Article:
Are water-based batteries the future of mobile power?

Experts at a leading US university believe best in class lithium-ion cells may face stiff competition from aqueous alternatives. 

While the idea of using fuel cells designed around liquids seems counter-intuitive given the problematic relationship between water and electricity, aqueous batteries, which use water-based electrolytes, are considered safe, reliable and affordable. 

purple and blue smoke illustration

While lithium-ion batteries are used in everything from mobile phones to electric vehicles (EVs), they come with significant drawbacks. Not least the price of production and development, including high environmental cost linked to mining prerequisite raw materials, and instability in certain conditions which can lead to cells catching fire or even exploding. 

Currently, commercial aqueous batteries lack the energy density and power life to pose a serious threat to lithium-ion, so they are not ready to be considered for large applications like grid storage or transportation. Nevertheless, breakthroughs in materials science and chemistry mean new opportunities are rapidly appearing on the horizon for more advanced forms of this technology. 

‘The idea is to develop advanced aqueous batteries that can combine better safety and higher voltage,’ said Yan Yao, Hugh Roy and Lillie Cranz Cullen Distinguished Professor of Electrical and Computer Engineering and principal investigator at the Texas Center for Superconductivity at the University of Houston, who has been leading research on energy storage materials and devices for around a decade.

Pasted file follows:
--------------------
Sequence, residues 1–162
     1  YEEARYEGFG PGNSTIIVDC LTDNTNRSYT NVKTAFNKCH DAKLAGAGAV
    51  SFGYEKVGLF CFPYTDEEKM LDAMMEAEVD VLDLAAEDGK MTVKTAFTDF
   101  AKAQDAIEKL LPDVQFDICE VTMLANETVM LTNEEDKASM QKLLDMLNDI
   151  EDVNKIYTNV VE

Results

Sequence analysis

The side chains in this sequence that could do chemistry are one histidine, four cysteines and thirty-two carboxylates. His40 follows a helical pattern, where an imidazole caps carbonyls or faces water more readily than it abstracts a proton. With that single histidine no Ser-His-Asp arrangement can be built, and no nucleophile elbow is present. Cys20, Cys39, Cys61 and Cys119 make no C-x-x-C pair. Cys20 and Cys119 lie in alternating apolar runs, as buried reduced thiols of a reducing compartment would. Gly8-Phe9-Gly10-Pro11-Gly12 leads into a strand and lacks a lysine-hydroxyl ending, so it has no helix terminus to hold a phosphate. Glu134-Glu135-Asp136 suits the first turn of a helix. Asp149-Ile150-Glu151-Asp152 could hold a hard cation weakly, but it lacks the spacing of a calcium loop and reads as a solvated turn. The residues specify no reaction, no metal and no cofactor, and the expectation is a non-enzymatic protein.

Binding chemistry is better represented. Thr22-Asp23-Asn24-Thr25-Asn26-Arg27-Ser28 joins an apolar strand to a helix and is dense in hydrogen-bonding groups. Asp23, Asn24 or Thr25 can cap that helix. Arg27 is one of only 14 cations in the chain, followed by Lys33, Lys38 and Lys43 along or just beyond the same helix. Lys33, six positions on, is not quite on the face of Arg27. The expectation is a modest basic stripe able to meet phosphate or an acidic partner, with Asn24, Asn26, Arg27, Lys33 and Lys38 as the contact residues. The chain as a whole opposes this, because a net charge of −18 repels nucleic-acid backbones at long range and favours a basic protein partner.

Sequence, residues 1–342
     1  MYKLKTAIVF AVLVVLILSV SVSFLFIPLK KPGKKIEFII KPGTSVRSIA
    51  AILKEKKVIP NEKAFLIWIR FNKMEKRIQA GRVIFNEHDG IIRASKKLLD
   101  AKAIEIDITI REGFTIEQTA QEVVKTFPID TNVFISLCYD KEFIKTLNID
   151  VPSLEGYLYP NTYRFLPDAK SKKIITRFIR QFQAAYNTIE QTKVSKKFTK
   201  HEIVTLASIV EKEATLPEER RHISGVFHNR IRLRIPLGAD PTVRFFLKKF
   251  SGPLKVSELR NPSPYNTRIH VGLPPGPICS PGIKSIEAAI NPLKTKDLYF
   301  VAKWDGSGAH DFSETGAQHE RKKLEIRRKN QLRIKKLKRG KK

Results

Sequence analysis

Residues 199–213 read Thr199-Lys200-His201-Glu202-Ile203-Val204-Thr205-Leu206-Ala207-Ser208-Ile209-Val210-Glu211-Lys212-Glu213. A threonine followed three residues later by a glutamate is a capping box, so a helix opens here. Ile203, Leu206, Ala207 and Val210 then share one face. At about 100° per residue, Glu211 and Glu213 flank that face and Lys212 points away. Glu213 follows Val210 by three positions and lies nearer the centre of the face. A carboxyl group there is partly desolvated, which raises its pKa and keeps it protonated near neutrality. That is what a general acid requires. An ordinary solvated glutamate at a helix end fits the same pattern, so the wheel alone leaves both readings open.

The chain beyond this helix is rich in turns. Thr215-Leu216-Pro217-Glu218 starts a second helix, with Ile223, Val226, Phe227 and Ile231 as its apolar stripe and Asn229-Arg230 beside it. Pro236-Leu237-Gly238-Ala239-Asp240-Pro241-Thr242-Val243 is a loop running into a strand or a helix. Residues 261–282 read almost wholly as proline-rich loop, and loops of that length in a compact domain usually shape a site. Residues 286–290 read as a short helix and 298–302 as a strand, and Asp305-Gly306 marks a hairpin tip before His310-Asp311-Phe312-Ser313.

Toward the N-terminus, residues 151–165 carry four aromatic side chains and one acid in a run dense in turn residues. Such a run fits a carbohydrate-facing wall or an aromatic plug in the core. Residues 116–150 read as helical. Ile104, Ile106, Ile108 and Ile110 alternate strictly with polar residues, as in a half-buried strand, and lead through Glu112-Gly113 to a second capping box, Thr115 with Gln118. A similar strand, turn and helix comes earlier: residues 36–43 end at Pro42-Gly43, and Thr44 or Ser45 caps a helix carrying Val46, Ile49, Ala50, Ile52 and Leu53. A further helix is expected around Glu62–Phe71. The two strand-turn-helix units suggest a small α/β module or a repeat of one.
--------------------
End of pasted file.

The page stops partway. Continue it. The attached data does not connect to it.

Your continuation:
‘Our review is extensive in scope because we wanted to paint a big picture on the landscape of aqueous batteries,’ Liang said. ‘If we don’t understand the overall picture, we can’t know where the next opportunity will be.’

If realised, there are several major benefits from switching to aqueous batteries, including widely available, low-cost raw materials, minimal requirements for controlled manufacturing environments, reduced fire risk, simple fabrication and high power potential. Liang and his cohorts believe this area of research is on the cusp of offering the next major breakthrough in batteries, although recent advancements in lithium-ion designs continue to push the technology forward — find out more about that here.

Image: Peter Olexa




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